Utopia or America?

Think on: “The theory of Communism may be summed up in a single sentence: Abolition of private property.”  Karl Marx, The Communist Manifesto, 1848

Tumbleweed has observed that there are actually citizens who think America should be a socialist utopia, a faux-paradise of equality.  It harkens me back to a few years ago when my then 13-year-old son upon being asked if it would be great to live in a utopian society responded, “Yours or mine?”  Profound!  And equality?  It’s about equality of opportunity, not sameness.

If any of the so-called intellectual elite out there have bothered to truly absorb Thomas More’s Utopia or Plato’s Republic or Thomas Hobbes’ Leviathan or Karl Marx’s Communist Manifesto, they should be quickly dissuaded of the practical viability of utopianism as an undergirding form of governing people (aka, socialism).  Our founding fathers surely recognized this as evidenced by our Declaration of Independence and Constitution of the United States.  To the purpose of creating a free society of individuals that controlled their government rather than vice versa, they followed the philosophical teachings of John Locke in Two Treatises of Government and the writings of Charles Montesquieu.

As described by economist/historian Friedrich Hayek in The Road to Serfdom, governments based in utopian principles such as communism, Nazism, and socialism depend upon and eventually gravitate to tyrannical leadership if they don’t first fall socially and economically by their own weight.  George Orwell’s 1984 is arguably a variant on this process, keeping in mind that he was an avowed socialist.  Of course, some of those “intellectual elitists” point to a nation such as Sweden as a socialist success story; ignoring the fact that they’ve had to adopt capitalist techniques to prop up their economies and continue to suffer from failing infrastructure.

High school history books – or whatever they’re calling them these days – pay scarce if any attention to Woodrow Wilson’s espoused commitment to Hobbesian utopian philosophy featuring big government determining life as it should be lived.  Also ignored is the fact that Franklin Roosevelt’s key advisors studied Communism for years under Trotsky and Lenin.  Little wonder that FDR sought to apply Communist principles as the underpinnings of his New Deal.  Those programs were failing miserably, saved only by the political-economic aberration called World War II with its accompanying vast military buildup.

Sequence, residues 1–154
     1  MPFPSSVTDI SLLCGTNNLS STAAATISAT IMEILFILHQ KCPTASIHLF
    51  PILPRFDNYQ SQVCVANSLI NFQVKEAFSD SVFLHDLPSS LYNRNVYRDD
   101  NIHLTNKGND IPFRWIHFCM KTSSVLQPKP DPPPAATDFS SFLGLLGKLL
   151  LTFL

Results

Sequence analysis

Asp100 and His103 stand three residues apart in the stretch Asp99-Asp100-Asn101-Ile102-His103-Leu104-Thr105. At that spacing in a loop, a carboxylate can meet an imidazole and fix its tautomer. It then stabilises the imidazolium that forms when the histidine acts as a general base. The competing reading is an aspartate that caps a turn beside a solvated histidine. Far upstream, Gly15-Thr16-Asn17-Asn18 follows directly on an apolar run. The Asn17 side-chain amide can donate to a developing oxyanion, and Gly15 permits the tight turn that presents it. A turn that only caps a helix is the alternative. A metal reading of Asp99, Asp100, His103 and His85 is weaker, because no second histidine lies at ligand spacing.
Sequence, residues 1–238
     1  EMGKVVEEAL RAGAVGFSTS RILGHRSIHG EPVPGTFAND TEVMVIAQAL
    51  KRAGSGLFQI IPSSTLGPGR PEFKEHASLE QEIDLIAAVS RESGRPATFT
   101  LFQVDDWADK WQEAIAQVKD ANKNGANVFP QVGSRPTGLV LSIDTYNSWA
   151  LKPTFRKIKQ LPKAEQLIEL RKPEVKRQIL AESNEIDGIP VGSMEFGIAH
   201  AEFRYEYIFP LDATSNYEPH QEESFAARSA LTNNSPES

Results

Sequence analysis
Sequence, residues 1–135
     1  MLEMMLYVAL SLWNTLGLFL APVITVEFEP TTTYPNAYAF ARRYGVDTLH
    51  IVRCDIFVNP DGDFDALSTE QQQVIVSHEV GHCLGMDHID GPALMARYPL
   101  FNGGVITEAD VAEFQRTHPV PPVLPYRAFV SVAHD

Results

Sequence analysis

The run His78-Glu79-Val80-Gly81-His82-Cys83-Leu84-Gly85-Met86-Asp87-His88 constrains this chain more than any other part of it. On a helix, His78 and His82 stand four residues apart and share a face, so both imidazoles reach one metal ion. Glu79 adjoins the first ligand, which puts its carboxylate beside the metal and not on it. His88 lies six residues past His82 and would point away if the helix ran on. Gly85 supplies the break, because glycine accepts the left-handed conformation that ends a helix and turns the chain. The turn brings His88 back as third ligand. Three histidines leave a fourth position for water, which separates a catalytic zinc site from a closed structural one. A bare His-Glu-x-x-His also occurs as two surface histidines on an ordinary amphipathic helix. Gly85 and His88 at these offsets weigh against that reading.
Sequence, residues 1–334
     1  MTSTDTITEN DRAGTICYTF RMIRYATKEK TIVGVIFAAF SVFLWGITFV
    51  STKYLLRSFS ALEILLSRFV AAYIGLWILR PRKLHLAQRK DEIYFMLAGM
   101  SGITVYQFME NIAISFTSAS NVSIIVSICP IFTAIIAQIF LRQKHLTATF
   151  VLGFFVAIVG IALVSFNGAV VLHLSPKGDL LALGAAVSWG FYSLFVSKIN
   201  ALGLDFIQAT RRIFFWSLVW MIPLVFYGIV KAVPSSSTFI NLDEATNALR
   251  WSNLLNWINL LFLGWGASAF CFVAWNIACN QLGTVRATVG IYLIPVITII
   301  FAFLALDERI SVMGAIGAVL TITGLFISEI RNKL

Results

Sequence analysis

Tumbleweed could go on at far greater length as to the failures of utopianism, but suffice to say it’s quite scary when citizens – especially younger demographics in our nation – embrace socialist utopian thinking.  Keep in mind that these utopian states are godless societies.  Rights in such societies are issued by government, not by God.  Morality – or virtue, if you will – becomes a frightening variable, built on the sand of man’s musings of the moment rather than on the rock of biblical teaching.  The utopians evolve their morality from laws aimed at controlling the population.  Utopia is about crowd control, not individualism.  In a utopia, your individual creativity and motivation are unwelcome, as you must succumb to the central control…the government…the masters.  In the utopian-driven socialistic model, the welfare safety net turns out to be a spider web where the government spiders devour the hopes and dreams of its the individual victims.

So, Tumbleweed will go out on a limb here.  In a government as we have in the United States today wherein politicians and bureaucrats will go to great lengths to preserve and even increase their power, how can we the people regain the control that our founding fathers intended?  Draining the proverbial government swamp only scratches the surface, as entire industries are wrapped around the perpetuation of Leviathan, from healthcare to energy to education and so on. It’s like a metastasizing cancer on our nation.  Would that folks read the Constitution and restore us to its basic governance principles?  Just sayin’.